Friday, June 8, 2007
1. Don’t expect official photographers to think.
You may have specified that you do not want formal firing squad family group pix – but you still have to explain what you DO want. It might seem obvious that you would like informal pictures of key family members such as the groom’s father with his wife or the bride’s brothers who are acting as ushers, rather than six photographs of empty tables just to show how nicely they had been laid. But take nothing for granted.
Oh, and should the reception be held in a school where the bride and groom teach there is really no need for the photographer to go to the trouble of snapping the school badge and motto – especially if it is in Latin and they don’t have a clue what it means.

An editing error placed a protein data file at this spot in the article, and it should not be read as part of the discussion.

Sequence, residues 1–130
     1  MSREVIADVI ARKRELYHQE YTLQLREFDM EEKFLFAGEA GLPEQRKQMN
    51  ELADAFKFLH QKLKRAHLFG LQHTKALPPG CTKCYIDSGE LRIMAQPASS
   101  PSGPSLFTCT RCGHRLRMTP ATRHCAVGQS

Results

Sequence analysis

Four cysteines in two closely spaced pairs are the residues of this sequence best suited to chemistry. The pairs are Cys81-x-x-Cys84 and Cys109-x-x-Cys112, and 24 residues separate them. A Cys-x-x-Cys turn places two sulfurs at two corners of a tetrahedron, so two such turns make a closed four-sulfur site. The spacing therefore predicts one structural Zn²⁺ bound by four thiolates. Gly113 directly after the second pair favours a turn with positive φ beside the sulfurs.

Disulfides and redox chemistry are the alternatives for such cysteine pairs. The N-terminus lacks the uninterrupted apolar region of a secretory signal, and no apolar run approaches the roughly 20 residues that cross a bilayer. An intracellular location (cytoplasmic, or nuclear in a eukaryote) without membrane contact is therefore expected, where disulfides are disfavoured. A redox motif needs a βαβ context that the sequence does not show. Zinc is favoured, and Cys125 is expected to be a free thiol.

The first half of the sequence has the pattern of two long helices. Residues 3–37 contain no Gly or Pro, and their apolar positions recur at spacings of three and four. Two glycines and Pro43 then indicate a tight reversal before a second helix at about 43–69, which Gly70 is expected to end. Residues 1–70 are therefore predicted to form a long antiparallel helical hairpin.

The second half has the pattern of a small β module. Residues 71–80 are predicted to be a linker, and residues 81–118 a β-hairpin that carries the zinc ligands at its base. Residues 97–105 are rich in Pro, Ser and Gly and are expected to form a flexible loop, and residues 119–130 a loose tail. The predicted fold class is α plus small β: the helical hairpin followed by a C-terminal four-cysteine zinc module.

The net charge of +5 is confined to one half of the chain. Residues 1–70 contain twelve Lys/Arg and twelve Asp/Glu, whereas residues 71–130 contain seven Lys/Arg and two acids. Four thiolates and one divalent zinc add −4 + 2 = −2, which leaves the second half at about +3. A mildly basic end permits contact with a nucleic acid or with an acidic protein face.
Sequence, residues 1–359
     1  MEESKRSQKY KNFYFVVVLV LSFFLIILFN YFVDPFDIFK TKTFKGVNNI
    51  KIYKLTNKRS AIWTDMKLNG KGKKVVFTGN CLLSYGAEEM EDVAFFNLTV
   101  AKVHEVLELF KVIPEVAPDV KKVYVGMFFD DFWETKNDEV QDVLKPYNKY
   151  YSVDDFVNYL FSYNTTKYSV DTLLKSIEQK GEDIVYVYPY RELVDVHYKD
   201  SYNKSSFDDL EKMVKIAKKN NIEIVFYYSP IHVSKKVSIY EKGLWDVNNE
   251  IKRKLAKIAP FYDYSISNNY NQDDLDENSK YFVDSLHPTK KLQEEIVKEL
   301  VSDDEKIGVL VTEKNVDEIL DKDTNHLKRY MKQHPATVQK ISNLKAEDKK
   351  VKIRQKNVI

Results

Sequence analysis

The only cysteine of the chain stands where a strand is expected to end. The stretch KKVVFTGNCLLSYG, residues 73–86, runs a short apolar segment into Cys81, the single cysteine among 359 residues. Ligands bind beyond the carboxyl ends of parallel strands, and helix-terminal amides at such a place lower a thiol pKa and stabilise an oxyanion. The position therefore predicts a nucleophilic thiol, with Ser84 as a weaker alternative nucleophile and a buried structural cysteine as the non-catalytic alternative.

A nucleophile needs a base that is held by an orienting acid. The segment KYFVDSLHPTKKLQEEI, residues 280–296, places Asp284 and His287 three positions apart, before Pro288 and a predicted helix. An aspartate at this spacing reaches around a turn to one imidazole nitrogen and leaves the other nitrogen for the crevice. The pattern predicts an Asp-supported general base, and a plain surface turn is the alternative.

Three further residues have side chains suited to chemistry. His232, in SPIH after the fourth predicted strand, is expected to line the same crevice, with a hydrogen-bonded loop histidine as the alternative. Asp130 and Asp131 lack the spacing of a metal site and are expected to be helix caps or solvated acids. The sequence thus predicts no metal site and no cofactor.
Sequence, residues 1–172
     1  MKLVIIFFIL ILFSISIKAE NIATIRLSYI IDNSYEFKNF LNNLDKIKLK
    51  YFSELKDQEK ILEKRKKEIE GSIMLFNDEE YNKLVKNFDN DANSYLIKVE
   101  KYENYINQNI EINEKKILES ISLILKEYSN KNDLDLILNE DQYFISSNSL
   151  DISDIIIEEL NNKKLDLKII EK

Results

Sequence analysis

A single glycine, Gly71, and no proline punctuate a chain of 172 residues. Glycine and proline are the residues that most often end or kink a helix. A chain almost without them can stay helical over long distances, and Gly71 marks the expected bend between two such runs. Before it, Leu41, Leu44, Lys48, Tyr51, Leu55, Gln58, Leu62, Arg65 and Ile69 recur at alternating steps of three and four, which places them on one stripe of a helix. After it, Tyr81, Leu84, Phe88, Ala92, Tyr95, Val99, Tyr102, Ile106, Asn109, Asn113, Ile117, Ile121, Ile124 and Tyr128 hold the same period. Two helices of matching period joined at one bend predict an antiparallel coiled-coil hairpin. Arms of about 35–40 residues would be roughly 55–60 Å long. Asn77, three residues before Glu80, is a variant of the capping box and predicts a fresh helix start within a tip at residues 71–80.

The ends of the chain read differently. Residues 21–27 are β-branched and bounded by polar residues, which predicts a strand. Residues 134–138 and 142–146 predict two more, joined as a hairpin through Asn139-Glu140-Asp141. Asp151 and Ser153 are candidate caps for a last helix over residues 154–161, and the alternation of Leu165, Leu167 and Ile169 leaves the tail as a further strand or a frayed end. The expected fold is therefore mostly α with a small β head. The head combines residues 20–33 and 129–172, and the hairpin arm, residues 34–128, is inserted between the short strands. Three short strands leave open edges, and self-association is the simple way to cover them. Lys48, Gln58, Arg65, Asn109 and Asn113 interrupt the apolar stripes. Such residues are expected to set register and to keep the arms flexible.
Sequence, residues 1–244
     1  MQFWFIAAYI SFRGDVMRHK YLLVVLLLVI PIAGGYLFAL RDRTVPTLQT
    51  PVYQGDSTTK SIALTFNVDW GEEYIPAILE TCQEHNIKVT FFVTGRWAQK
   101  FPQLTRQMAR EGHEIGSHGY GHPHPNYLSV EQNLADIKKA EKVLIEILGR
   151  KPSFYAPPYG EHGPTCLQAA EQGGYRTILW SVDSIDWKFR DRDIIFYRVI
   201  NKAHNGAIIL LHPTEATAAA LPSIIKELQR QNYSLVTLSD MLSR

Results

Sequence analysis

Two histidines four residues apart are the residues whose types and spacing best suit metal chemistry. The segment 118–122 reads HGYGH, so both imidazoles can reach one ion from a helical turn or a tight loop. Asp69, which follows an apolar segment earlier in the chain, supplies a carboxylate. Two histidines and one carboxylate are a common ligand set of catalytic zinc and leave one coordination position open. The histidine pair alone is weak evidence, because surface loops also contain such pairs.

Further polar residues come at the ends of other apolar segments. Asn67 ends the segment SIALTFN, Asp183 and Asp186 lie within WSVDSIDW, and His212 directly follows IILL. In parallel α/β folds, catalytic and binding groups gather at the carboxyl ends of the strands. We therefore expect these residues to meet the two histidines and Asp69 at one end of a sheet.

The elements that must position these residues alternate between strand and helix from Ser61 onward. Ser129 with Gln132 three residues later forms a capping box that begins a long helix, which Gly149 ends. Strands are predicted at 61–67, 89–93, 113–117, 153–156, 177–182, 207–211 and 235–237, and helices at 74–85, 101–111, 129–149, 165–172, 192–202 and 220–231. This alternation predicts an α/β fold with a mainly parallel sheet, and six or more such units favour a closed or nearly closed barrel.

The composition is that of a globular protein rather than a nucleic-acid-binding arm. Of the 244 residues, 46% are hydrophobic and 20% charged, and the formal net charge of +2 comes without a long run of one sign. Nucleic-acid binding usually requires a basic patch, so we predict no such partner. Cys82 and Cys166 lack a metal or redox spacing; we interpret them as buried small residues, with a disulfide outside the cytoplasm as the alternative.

2. Having a table seating plan is no guarantee of harmony.
It helps if you are acquainted with who you are putting next to whom. If not, do not assume that two people who are married to each other and live at the same address are still a couple – or, indeed, on speaking terms.
3. Sale and return is always sale and no return.
If drink is available, it will be drunk. Why would anyone ever think otherwise?
Friday, June 1, 2007
As my husband likes to put it, we haven’t lost a daughter – we’ve gained a dog-in-law.
The dog in question is the bridegroom’s Springer spaniel and we are dog sitting while they are on honeymoon. We are cat people and I don’t think this is a fair test.
The people at www.springerrescue.org.uk say that basically, ‘Springers are strong willed and active, always on the go. They love family life and are extremely affectionate, but need to be controlled.’
In other words, they take no notice of anything you say unless it suits them so to do. And they are probably the source of the expression ‘completely barking mad.’